Entries would be judged to Women's Institute standards, the trouble being that no one, other than a few WI members, knew what those standards were.    Never mind, we all gave it our best shot, increasing our knowledge from year to year.

Alas, as I have so often bewailed, that is now a thing of the past.   Nothing to do with Coronavirus.   

A few of the organisational stalwarts moved, older ones were no longer around to participate or support.   Few people stepped forward to help.   It became unsustainable.   Such is life.

Why am I warbling on about the old village show?       Simply because I came across a sheet of paper with a scribbled recipe for Lemon Curd which also contained a note saying that it was the recipe with which I had won first prize in the village show in 2011.    I had no recollection of having won that class, so I dug out my pile of old prize cards, see above.     

Slowly the cogs turned and I remembered. 

In 2009 I won third, which was marvellous because that was the first time I had ever attempted to make curd.   I recall that I determined never to make any again because it seemed such a performance and required an inordinate amount of stirring.   In 2011 I relented, had another go, and made a better job of it.

All this talk of Lemon Curd made my mouth water.      Luckily I had some lemons in the fruit bowl.  Lockdown meant that I had plenty of time on my hands.     So, for the third time in my life, I made a small batch of Lemon Curd.   What a palaver.  Grate, squeeze, melt, double saucepan, tedium.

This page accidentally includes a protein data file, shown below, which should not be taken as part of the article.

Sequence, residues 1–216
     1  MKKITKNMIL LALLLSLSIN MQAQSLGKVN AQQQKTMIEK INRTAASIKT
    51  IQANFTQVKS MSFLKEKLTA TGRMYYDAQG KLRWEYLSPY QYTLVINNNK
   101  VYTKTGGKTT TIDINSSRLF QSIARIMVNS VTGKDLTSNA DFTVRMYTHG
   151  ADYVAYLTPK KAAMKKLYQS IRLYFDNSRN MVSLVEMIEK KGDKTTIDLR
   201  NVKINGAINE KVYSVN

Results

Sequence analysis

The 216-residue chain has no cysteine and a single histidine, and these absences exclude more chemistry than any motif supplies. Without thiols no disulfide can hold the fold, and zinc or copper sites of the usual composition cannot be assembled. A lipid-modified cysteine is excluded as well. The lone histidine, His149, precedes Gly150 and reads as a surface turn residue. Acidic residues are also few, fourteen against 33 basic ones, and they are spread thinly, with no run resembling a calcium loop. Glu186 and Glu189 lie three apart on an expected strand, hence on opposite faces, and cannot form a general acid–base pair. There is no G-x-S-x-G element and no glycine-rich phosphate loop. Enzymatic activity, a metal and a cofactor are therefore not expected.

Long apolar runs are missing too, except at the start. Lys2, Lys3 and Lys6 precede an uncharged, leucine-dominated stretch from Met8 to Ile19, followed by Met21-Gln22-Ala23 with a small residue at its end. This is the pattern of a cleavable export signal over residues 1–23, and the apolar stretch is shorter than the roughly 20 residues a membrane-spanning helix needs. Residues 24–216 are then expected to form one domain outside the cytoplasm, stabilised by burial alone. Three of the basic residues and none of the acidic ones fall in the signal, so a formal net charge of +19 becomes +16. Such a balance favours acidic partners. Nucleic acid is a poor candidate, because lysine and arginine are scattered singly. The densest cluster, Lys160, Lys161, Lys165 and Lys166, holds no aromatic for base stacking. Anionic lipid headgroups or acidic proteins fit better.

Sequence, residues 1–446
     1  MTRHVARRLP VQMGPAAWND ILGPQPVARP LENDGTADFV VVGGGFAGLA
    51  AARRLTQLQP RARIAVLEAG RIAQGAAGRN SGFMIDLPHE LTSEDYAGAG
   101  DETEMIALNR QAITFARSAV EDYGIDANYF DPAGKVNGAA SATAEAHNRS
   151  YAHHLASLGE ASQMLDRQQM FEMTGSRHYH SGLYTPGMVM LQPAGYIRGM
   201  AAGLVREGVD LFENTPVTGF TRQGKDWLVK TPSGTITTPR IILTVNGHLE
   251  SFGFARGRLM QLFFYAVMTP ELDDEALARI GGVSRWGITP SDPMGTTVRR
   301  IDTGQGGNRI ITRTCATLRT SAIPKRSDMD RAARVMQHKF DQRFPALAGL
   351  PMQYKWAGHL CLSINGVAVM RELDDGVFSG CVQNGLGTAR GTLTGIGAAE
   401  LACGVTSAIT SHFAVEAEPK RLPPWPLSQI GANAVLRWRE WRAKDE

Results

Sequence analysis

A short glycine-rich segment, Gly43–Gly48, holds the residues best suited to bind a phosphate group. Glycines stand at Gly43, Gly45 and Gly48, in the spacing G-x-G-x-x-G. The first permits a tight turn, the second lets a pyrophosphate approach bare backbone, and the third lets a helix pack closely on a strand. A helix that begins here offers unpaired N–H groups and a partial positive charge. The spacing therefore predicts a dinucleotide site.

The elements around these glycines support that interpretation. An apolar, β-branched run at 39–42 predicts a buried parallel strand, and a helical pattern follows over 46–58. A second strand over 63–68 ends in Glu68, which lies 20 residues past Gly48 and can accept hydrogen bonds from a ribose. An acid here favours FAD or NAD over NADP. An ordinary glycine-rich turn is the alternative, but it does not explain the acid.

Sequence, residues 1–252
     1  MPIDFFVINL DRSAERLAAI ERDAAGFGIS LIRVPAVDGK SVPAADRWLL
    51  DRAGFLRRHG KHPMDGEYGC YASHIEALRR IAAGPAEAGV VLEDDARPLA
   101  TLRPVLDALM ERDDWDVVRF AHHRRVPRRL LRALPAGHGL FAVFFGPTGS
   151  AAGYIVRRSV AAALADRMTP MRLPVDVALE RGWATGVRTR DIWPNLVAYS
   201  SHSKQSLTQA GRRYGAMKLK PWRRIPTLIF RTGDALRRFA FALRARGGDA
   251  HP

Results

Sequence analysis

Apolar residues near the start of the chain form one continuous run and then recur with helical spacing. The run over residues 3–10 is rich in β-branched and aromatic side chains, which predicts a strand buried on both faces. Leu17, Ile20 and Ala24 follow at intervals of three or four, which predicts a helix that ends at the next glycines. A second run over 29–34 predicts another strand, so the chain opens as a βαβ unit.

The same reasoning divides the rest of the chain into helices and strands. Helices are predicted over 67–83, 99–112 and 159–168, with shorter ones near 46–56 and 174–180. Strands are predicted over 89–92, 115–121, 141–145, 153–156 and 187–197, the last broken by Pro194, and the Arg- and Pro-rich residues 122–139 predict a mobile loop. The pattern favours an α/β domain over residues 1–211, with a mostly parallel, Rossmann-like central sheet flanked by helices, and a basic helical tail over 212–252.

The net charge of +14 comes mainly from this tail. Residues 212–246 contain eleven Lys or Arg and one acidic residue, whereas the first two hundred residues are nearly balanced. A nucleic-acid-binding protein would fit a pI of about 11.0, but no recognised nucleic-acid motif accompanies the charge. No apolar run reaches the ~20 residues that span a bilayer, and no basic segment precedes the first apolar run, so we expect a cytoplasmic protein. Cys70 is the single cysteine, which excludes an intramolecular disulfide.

Now I know that it is not pure laziness which prevents me from making it too often. 

It tastes good,  far too good.   I could find ways to use it at every meal.     So I am carefully rationing myself to a generous spoonful swirled into plain Greek yogurt and I won't be making any more for the foreseeable future. 

All this indulgence is tempered by lots of homegrown vegetables.

They are not beautiful, definitely not up to show standards, but they taste great. 

The next few days look set to be fair and hot.    I love it, but I know that many others don't. 

Spells of sunshine and heat are rare so I take full advantage, abandon all but the essential jobs and pretend that I am on holiday.     That doesn't mean that I sunbathe, but I do take full advantage to pick up my books and lounge around. 

How about you?   Does this weather fill you with delight, or do you melt and wilt?